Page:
A failed mediation to create the formal custody agreement, followed by a 3-hour long court battle, which thankfully ended in shared physical and joint legal custody. More gray area in the custody agreement… arguments about trade times, vacation times, clothing exchanges, bills, school district… the list goes on. I was able to get a job back in town, and we moved in together about a year after we started dating… just after the custody agreement was finalized. I really feel like this is when we began to truly establish our family, and things started to fall into place. We got married about 8-months later (December 17, 2016… almost our anniversary!).

We had countless disagreements for the next 9-months or so. Any change to BM’s situation (i.e. whether or not she was dating someone) had a direct impact on the girls and their happiness, and we always were fielding questions and doing damage control. Picking a school district for SD5 was the biggest topic of debate yet. Everything felt like a competition. I meticulously documented everything… every text, email, and phone call… every bruise, poorly packed lunch, etc. Just after SD5 began Kindergarten, we were able to modify the custody agreement– this time in mediation! The custody agreement is direct, with 50/50 overnights and all previous kinks worked out.

Our big break (pun intended) came when SD3 broke her arm just over a month ago. We started communicating better. BM let me in a little, and allowed me to help instead of excluding me. I noticed I stopped breaking into anxiety attacks at the mention of her name… I’ve even started to view her as a teammate. As I mentioned last week, the girls and my husband have all been much happier. Today, I concluded a 5-Day Co-Parenting Challenge by Kandy Apple Mama.

Would I suggest starting a relationship with a newly-separated Dad to anyone? No. Are we perfect co-parents who have it all figured out? Hell no. But have we made significant progress in the past 5 weeks? Absolutely. It happened organically, not intentionally. It took time, patience, and a change of perspective. I still have my doubts and fears, which I’ll cover in my next post, but I am thrilled to see us moving in the right direction for the benefit of our children.

‘Till next time. Cheers!

Co-Parenting Update: Let’s be Realistic.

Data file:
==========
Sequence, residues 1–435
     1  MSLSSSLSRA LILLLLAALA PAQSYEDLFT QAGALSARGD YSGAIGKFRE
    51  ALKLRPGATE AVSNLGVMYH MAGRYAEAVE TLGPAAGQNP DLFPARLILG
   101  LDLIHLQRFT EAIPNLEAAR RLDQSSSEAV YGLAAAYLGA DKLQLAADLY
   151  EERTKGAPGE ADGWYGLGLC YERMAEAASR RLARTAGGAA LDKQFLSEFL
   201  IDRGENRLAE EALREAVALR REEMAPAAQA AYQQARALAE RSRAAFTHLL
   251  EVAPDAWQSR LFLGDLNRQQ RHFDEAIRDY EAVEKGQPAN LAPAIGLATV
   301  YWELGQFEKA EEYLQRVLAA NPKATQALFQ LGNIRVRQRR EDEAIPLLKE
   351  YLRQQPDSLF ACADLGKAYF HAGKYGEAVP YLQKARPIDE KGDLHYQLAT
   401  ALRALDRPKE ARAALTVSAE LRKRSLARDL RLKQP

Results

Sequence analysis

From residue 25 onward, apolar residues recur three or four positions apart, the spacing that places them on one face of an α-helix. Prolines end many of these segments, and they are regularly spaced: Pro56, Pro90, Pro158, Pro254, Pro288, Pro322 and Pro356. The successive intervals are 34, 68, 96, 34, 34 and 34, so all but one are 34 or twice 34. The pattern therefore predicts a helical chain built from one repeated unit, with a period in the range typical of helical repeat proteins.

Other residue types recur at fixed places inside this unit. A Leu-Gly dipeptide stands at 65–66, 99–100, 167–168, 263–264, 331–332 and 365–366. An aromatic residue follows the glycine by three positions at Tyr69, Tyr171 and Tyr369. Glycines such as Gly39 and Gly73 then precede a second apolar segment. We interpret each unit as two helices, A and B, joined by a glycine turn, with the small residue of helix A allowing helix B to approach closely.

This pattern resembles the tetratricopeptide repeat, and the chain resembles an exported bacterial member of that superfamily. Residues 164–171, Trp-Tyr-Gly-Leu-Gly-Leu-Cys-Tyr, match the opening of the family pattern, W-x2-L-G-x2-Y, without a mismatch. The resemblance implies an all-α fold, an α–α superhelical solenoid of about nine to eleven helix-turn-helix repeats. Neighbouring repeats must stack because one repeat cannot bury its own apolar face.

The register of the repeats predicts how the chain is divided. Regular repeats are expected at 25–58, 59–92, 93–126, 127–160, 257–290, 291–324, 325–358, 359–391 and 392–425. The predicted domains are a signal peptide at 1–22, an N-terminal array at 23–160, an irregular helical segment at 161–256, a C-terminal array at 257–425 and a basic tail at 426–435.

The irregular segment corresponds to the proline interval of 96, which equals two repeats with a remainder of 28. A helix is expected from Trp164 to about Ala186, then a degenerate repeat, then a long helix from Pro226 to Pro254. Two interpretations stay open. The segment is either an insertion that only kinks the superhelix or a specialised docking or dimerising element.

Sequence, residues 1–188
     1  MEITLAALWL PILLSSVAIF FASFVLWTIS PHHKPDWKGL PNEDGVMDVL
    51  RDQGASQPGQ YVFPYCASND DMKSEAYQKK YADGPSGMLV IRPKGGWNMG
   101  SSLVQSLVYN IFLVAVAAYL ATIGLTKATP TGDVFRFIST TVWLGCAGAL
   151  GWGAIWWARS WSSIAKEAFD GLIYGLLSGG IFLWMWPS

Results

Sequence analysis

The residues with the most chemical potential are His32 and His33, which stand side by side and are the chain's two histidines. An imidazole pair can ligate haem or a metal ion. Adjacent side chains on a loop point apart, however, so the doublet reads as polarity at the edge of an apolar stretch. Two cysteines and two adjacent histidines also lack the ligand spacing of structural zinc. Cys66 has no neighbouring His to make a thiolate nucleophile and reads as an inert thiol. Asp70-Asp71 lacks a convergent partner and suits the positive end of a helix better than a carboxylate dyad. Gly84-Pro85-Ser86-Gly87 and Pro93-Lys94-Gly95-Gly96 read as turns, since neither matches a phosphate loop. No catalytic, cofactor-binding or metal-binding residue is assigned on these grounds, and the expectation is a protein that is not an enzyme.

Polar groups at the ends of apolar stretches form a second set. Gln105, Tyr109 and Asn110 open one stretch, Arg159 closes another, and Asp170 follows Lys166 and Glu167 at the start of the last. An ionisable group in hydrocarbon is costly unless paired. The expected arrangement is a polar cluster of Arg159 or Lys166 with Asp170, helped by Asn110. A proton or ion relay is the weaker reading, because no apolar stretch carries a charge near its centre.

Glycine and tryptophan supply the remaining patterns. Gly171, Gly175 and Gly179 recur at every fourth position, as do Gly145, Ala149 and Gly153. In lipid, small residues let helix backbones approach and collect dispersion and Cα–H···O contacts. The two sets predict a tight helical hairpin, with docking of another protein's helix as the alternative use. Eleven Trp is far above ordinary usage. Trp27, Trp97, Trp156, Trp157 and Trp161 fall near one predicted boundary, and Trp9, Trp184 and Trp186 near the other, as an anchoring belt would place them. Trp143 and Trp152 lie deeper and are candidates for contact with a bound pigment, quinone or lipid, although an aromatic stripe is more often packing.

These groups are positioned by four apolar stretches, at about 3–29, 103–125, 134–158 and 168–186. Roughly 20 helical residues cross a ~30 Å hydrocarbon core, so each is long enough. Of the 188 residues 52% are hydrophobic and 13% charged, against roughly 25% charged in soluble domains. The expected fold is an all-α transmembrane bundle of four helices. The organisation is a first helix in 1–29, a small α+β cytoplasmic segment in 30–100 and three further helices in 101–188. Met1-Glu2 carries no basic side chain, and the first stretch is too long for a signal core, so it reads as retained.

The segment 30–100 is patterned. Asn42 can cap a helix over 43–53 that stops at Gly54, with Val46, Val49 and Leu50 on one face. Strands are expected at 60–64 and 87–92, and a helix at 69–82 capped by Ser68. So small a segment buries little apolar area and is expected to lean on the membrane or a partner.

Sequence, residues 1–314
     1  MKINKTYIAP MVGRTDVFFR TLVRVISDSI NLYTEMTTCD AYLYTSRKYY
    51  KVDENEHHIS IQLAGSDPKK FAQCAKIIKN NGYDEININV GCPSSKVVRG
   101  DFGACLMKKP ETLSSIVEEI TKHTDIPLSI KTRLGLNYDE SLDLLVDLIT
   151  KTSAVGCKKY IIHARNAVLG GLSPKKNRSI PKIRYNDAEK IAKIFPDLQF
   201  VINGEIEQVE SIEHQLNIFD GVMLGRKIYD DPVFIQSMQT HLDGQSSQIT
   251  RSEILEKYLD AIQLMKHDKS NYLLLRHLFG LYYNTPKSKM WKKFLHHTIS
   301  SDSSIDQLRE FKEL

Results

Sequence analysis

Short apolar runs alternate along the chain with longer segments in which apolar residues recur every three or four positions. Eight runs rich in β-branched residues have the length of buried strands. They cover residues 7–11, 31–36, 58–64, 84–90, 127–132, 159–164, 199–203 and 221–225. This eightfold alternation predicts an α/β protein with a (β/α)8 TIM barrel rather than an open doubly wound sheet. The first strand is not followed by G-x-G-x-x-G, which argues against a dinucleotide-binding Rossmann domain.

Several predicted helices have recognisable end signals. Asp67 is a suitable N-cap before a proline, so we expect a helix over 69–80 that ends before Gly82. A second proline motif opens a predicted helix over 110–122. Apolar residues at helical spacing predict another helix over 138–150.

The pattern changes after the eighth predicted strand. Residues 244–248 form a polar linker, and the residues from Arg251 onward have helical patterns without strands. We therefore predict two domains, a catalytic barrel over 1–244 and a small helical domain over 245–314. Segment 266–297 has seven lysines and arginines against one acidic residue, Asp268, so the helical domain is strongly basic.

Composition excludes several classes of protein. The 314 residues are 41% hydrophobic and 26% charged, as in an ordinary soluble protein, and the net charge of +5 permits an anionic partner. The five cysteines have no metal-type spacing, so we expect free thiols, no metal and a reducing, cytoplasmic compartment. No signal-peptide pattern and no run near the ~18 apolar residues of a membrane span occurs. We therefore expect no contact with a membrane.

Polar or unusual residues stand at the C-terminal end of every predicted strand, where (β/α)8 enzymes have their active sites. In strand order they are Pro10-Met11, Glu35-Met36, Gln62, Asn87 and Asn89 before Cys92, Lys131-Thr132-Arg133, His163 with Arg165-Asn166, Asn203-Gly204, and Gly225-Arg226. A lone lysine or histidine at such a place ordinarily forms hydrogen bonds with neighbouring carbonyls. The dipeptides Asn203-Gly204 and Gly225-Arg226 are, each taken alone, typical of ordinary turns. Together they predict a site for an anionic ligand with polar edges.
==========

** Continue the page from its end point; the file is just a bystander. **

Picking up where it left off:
About 10 months ago, in a time of despair, I openly contemplated if co-parenting will ever be possible for us.

Now, approaching our 1 year wedding anniversary, followed by 3 years of being in my husband & kids lives, my perspective has shifted… a little.

As you know, since SD3 broke her arm, communication between BM and I have taken a 180: meaning, we actually speak to each other outside of in-person exchanges. Nothing too crazy… but we have shared pictures, upcoming community events, insight on the girls, and even some fluffy “girl talk” (mostly her opening up to me, while I decide whether or not I’m ready to let her in). We have even briefly discussed how we want a good relationship with each other, and I let her know the ball was in her court, as I didn’t want to push myself on her.

So all of this “friendship” has been going on for about a month now and just yesterday it dawned on me… the girls have been so much happier lately! It is clear that they do not feel as stressed out or anxious as they usually do. There has been little-to-no crying about going back and forth between houses, and actually less mention of BM at our house from the kids, as well as from my husband and myself. The girls seem so relaxed… and I feel it!

In addition, my husband seems less anxious about BM. Apparently, my relationship with her has directly impacted his relationship with her. He doesn’t seem to view texting or calling her as a “chore” or a death-sentence-of-a-task. They have a long way to go before they can have a pleasant relationship… there’s too much history and damage there… but I’m happy to see my husband seemingly holding less of a grudge. I had no idea how much our inner-feelings about BM were subconsciously impacting the mood of our home.

All this to say… I think I’m about to get on the co-parent bandwagon.

I recently stumbled across a blog called Kandy Apple Mama. Can you believe it’s a blog & business CO-OWNED by a BIO-MOM and STEPMOM?! Can you believe they all live together with their husbands and kids?! Ok now that the shock is out of the way… these two women write about being Co-Parent Champions, and even offer a free 5-day course to help you become one! I signed up today.

We owe it to our kids to work together, since it clearly has a positive impact on them.

Over the next few posts, I’m going to discuss how we got here, why I think co-parenting is important, my fears going into it, and whatever else comes to mind. It’s my blog, right?!

Hang tight, Mama’s! The best is yet to come.

I Was That Girl.